Patty Jo isn’t like the rest of the cows on the acreage near Pioneers Park.
She’s as long-haired and buff-colored as the other Scottish Highland cattle Toni and Kevin Lewis keep as pets, but she’s having an identity crisis.
She likes her neck scratched. She wags her tail. She loves to go for rides.
“At this point,” Toni said, “we don’t think she knows she’s a cow.”
Said Kevin: “She thinks she’s a puppy now, I think.”
A lucky puppy who owes her life to a pair of horses, her humans and their friends and neighbors. If they all hadn’t come together late last month, Patty Jo would have been frozen in the pasture, and not drawing hundreds of likes and loves on Toni’s Facebook page.
The cows were Toni’s idea. She grew up watching her father raise geese and peacocks, and traveling to exotic animal shows to buy and sell birds.
“They usually had these funny kinds of animals, like Scottish Highlands. And I always said I wanted to get one.”
They got their first a couple of years ago, rehoming it from Hastings. And then they got another, and another, and a bull, and soon they had nine roaming their pasture. Including Emma, who was expected to calve this month.
But two days before Thanksgiving, Kevin woke early and headed out to take care of the animals before work.
“The horses were kind of acting weird,” he said. “One was kind of running around, crazy whinnying.”
That was Poncho, tearing around the pasture and running to the barn and back, doing laps and trying to tell him something. Their mare, Sunday, was locked in place, licking something dark and crumpled on the ground.
Kevin shot a short video with his phone and then got closer.
“I just saw the baby calf laying there. I jumped the fence and ran and grabbed the calf and ran to the barn.”
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The animal was just 25 pounds, less than half of her full-term weight, and as limp as a dishrag.
She was also wet and cold, so Kevin and son Ben got to work toweling her off. The barn wasn’t warm enough, with the temperature barely above freezing that morning, so they carried the calf to their heated shop.
But Kevin had to go to work, so he called his mother, who lives on the property.
“He’s, like: ‘Well, Mom, what are you doing today?’" Toni said. "She stayed in the shop and tried to keep her (the calf) warm for most of the day.”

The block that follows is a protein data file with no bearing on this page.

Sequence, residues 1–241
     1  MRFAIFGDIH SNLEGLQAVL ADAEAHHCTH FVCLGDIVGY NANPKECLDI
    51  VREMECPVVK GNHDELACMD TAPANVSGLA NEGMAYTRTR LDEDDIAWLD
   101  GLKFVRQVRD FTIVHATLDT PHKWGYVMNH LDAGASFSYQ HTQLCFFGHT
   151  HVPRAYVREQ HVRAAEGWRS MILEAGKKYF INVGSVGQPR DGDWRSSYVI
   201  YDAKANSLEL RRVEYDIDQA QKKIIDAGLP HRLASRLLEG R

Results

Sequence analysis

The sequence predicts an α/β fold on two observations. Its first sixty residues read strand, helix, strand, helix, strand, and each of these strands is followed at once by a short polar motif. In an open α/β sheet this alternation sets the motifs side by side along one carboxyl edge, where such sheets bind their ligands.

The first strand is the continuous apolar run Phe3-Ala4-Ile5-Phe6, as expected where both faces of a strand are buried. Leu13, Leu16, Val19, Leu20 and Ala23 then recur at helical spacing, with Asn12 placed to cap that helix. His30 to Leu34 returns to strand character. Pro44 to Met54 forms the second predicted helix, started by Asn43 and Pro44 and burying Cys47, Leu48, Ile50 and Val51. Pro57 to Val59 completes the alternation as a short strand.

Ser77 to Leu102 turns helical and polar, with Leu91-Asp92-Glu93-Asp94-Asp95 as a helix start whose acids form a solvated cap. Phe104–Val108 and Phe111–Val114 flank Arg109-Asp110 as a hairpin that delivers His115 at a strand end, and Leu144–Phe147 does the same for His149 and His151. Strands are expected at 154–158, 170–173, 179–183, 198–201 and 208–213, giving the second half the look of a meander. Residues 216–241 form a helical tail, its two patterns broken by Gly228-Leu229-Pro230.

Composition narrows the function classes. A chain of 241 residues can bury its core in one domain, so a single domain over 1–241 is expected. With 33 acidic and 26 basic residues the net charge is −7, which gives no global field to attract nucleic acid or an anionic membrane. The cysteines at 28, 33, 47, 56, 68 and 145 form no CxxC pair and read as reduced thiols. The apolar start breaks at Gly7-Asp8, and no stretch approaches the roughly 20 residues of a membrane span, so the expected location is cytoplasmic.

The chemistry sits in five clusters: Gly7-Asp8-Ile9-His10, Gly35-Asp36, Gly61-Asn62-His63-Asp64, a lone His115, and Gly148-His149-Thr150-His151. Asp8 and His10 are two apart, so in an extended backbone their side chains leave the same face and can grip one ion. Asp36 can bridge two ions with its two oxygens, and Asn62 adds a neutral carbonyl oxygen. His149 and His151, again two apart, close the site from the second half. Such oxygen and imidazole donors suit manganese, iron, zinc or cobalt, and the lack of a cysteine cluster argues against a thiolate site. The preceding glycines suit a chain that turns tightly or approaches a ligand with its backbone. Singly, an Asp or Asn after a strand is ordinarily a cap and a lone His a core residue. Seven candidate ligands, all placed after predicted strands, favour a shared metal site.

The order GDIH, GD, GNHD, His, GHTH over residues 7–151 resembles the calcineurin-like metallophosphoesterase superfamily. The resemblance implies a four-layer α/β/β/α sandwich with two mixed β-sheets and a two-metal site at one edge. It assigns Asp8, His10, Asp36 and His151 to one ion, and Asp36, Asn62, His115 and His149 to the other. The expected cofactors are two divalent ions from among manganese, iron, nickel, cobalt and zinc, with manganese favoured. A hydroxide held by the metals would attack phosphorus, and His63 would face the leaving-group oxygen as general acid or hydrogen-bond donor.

More help arrived. A neighbor who raises dairy cattle brought a bottle with a tube that reached the calf’s stomach, to make sure the calf got the colostrum she needed.
A veterinarian friend urged them to keep the animal warm, so they drew a warm bath for her in a feed tub.
Another neighbor arrived to help the calf find her feet, and spent a half-hour propping her up.
They didn’t forget about the calf's mother. They tried to reunite the two, but Emma was having nothing to do with the calf. They put her in a chute to try to draw milk, but the cow was dry.
“Usually, the motherly thing kicks in,” Toni said. “But it didn’t for her.”
So it was up to Patty Jo's humans. They rigged a dog bed with heating pads and a blanket, and Kevin spent the night in the shed by the baby’s side, trying to get her to eat.
The next day, she was drinking half of a bottle. Then a full one. Patty Jo — named after Kevin’s mother, who spent that first touch-and-go day with her — has grown stronger since, up to nearly 50 pounds now.
“By Thanksgiving, she was like a whole new cow,” Toni said.
But not quite. She’s acting more like a dog, tolerating her Christmas sweater, following her humans around the farmyard and checking in with the other animals, especially the horses that found her in the pasture, Toni said.
“They like to make sure she’s OK."
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Reach the writer at 402-473-7254 or email@example.com.
On Twitter @LJSPeterSalter